# The Distributive Property

Here are the basics:

**a(b + c) = ab + ac OR a(b - c) = ab - ac**

We can plug in some easy numbers to show that it works.

a = 5, b = 2 and c = 9

First we will use order of operations.

5(2 + 9)

5(11)

55

Now, let's see the answer if we distribute the 5 to everything in the parentheses.

5(2) + 5(9)

10 + 45

55

Either way, we get the same answer. You could try out other numbers as well and you would still get the same result.

Let's see it in action with algebra!

**Example #1:**5(3x + 4)

In this example, we cannot combine the terms inside the parentheses because they are not "like terms". Therefore, the only method we have to simplify this expression is the distributive property.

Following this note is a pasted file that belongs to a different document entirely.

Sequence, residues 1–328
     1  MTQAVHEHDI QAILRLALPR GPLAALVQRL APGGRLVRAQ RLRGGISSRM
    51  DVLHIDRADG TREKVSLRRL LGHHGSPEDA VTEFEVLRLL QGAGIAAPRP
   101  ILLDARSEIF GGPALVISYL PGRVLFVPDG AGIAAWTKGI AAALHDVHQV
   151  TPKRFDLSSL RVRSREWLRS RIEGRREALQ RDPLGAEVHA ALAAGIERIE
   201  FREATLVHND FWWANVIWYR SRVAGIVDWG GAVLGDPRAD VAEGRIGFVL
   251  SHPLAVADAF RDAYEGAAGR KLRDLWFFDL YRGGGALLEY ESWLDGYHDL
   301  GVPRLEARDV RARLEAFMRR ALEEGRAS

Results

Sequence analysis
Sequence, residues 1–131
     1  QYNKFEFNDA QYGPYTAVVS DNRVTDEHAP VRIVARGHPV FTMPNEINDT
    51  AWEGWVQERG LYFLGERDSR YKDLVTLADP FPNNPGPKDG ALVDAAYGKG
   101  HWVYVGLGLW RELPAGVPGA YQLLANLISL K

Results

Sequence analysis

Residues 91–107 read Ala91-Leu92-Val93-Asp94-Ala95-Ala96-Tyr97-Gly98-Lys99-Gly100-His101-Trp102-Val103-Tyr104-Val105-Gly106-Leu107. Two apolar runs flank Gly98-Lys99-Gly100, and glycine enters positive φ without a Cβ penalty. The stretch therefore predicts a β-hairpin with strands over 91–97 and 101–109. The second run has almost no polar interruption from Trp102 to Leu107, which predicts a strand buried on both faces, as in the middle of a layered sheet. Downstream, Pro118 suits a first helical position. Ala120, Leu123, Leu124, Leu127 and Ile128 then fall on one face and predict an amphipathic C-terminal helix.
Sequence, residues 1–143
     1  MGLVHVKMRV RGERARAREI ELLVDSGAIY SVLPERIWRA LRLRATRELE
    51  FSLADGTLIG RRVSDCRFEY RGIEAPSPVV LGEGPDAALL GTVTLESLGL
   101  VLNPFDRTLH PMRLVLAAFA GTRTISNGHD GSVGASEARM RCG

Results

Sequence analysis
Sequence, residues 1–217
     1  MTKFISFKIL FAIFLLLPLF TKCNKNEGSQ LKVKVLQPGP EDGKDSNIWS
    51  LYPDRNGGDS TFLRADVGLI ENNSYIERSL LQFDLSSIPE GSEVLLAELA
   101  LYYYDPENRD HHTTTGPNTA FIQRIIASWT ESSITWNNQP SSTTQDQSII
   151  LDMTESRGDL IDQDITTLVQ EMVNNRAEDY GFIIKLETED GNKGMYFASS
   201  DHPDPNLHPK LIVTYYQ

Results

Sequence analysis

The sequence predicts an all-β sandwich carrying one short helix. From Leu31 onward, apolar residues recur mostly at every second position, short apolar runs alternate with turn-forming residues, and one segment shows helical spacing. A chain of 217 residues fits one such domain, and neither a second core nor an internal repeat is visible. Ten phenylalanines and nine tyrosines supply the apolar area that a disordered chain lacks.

5(3x + 4)

5(3x) + 5(4)

15x + 20

**Example #2:**4(2 - 7y)

We can use the same steps when there is subtraction inside the parentheses instead of addition.

4(2 - 7y)

4(2) - 4(7y)

8 - 28y

**Example 3:**

**11 + 3(12m - 9)**

Start this problem by distributing the 3 to both terms in the parentheses.

11 + 3(12m - 1)

11 + 3(12m) - 3(1)

11 + 36m - 3

36m + 11 - 3

36m + 8

We can also use the distributive property to find rewrite expressions using common factors.

**Example 4:**

**25g + 10**

Here, both the 25 and the 10 have a common factor of 5.

We can think of 25 as 5 x 5.

We can think of 10 as 5 x 2.

We will pull the common 5 out to the front and the other factors go inside the parentheses.

25g+ 10 = 5(5g+ 2)

**Example 5:**

**28m - 56**

We can think of 28 as 7 x 4.

We can think of 56 as 7 x 8.

Now we have 28m- 56 = 7(4m- 8)

**Related Links:**

Math

Fractions

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